Ok. I’m going to go out on a limb here. If you are a K Cup user, please don’t stop reading if you come across something that upsets you. That’s not the goal. The goal is to provide some information about K Cups, and why they are not only incredibly bad for the environment, but how I think I can show you why it’s not very fresh coffee. And I might add something about the high cost of using them as well. Just in case you weren’t already convinced how bad they are.
I’ll begin with what I think I can actually show you about how K Cups are not even remotely close to being fresh roasted coffee. The picture of the bag is one of my 2 oz stocking stuffers that we offer for the Christmas season. The reason it is all puffy like a pillow is that after roasting, coffee has gas. Yes, gas. CO2 gas actually. It’s part of a number of reactions that take place as a result of the roasting process. And the CO2 helps protect the coffee from it’s number one enemy, air. As the coffee degasses, the CO2 pushes air away from the beans to help keep them fresh. However, this process doesn’t go on for ever. Depending on what you read, coffee can degas for up to 30 days, but the process is much more effective at preserving freshness for the first 15-20 days. Which is when the coffee is at it’s peak freshness and best flavor. Once it’s done degassing, it’s losing flavor quickly.
So, how does that relate to the pillow picture. Imagine if the coffee in your Kcup was fresh roasted. You would think that the packaging would blow up like a pillow as well. Sadly, it doesn’t. Because the coffee is so old it has no gas left to protect it from going stale. But it does have other “stuff” added to help it smell like coffee. Which is a whole other chemical reaction discussion. In case you were wondering why coffee bags don’t blow up like a pillow, it’s because they have a valve in them that allows the CO2 to escape but keep oxygen out.
As for the environmental impact, that’s a whole other very troubling story. It’s estimated that in 2013, enough Kcups went into landfills to circle the equator 10.5 times. How many is that, you ask? Approximately 966 million pounds of waste. In 2013 alone, 8.3 billion Kcups were produced. And they are not recyclable, or compostable. So you use them and throw them away. Or, if they don’t sell, they are disposed of in the local landfill. The plan is to make them more environmentally friendly by 2020. If you do the math, without accounting for increasing sales, that’s over 40 billion more produced and ending up in landfills somewhere, (and as you can see by my math, that’s a conservative number) So the question I ask is, is the convenience worth the overall impact. For me, it is not.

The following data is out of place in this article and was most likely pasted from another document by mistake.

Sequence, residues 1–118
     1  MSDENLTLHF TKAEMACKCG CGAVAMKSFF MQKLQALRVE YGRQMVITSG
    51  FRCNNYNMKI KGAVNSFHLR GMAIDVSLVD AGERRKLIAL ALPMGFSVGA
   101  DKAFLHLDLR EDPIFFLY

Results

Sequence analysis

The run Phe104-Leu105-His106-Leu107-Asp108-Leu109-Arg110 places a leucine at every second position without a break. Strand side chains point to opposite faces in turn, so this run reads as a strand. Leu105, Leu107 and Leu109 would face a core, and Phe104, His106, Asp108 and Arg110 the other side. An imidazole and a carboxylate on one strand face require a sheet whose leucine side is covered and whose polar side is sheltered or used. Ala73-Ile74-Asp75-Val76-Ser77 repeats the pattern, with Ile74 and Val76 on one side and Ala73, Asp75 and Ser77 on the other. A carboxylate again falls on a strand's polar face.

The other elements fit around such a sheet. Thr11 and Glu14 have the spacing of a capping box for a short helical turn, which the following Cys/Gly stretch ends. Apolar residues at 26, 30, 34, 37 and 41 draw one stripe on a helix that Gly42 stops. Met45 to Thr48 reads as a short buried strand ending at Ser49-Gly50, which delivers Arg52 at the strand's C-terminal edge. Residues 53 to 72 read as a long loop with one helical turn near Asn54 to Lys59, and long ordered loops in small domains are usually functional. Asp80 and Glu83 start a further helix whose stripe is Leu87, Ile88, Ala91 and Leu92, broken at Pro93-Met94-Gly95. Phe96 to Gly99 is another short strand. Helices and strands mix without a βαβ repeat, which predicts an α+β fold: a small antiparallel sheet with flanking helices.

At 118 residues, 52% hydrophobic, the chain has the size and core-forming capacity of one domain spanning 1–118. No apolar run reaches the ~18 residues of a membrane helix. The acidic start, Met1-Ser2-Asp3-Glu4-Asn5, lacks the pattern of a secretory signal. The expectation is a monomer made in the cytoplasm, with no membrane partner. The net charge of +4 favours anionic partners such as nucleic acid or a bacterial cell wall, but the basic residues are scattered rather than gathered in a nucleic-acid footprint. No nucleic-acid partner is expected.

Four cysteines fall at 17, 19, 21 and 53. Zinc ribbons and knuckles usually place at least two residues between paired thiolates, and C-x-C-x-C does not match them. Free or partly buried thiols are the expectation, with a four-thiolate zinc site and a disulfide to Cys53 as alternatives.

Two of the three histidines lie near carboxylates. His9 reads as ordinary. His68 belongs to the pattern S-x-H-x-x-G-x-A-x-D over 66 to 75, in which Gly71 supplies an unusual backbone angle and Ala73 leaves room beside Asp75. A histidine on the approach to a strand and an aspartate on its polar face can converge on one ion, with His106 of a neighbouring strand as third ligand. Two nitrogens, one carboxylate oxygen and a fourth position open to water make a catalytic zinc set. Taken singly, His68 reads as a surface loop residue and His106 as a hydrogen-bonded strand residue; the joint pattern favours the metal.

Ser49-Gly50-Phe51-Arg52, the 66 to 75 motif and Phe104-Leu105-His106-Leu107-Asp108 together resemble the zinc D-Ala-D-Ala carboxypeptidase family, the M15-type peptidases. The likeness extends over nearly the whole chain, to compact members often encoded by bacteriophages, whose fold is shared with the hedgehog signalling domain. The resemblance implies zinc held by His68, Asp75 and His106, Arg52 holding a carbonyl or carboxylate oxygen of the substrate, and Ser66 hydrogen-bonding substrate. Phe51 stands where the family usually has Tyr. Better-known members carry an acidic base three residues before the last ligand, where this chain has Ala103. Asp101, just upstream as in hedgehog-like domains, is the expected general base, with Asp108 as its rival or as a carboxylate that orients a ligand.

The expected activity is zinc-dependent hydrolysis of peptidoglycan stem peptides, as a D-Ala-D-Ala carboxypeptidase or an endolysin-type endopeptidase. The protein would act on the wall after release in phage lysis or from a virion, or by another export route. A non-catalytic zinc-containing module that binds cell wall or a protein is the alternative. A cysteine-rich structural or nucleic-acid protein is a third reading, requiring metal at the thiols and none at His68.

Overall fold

And finally, on a simple money note. I sell fresh roasted coffee from around the world for between $14 and $25 per lb, depending on where it is from and it’s availability. Other coffees sell for more, but I top out at around $40 per lb for the Jamaica Blue Mountain premium coffee that I bring in periodically. And this is for top quality, fresh roasted coffee that I purchase, roast, bag and hand deliver myself. If you went out and bought a package of Folgers (yes, I said Folgers) K cups, you would be paying over $50 per lb for a coffee you have no idea where it is from, how it was processed or roasted, and if anything was added to it. (Chances are good something was!)
So, you as the consumer get to decide. Is the convenience of the K cup system worth the environmental impact? Is it worth paying $50 per pound for low quality coffee that you know nothing about?
And finally, here’s a link to a video that was produced in 2014 about the world takeover by K cups. It’s a fun watch. Some adult language (even I was surprised).